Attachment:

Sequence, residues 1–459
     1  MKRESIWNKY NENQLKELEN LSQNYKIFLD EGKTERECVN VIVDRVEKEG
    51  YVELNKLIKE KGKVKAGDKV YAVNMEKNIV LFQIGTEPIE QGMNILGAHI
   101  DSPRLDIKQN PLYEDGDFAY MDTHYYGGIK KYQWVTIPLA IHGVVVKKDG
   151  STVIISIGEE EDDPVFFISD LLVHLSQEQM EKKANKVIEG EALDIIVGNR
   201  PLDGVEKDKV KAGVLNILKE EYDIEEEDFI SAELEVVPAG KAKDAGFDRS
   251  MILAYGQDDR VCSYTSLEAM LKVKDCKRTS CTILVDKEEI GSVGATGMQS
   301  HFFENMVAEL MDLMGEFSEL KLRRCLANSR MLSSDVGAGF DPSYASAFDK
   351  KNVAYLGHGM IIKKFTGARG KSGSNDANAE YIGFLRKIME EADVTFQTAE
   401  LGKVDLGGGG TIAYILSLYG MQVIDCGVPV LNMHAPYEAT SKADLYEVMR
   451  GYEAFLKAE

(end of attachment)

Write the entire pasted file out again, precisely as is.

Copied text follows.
Sequence, residues 1–459
     1  MKRESIWNKY NENQLKELEN LSQNYKIFLD EGKTERECVN VIVDRVEKEG
    51  YVELNKLIKE KGKVKAGDKV YAVNMEKNIV LFQIGTEPIE QGMNILGAHI
   101  DSPRLDIKQN PLYEDGDFAY MDTHYYGGIK KYQWVTIPLA IHGVVVKKDG
   151  STVIISIGEE EDDPVFFISD LLVHLSQEQM EKKANKVIEG EALDIIVGNR
   201  PLDGVEKDKV KAGVLNILKE EYDIEEEDFI SAELEVVPAG KAKDAGFDRS
   251  MILAYGQDDR VCSYTSLEAM LKVKDCKRTS CTILVDKEEI GSVGATGMQS
   301  HFFENMVAEL MDLMGEFSEL KLRRCLANSR MLSSDVGAGF DPSYASAFDK
   351  KNVAYLGHGM IIKKFTGARG KSGSNDANAE YIGFLRKIME EADVTFQTAE
   401  LGKVDLGGGG TIAYILSLYG MQVIDCGVPV LNMHAPYEAT SKADLYEVMR
   451  GYEAFLKAE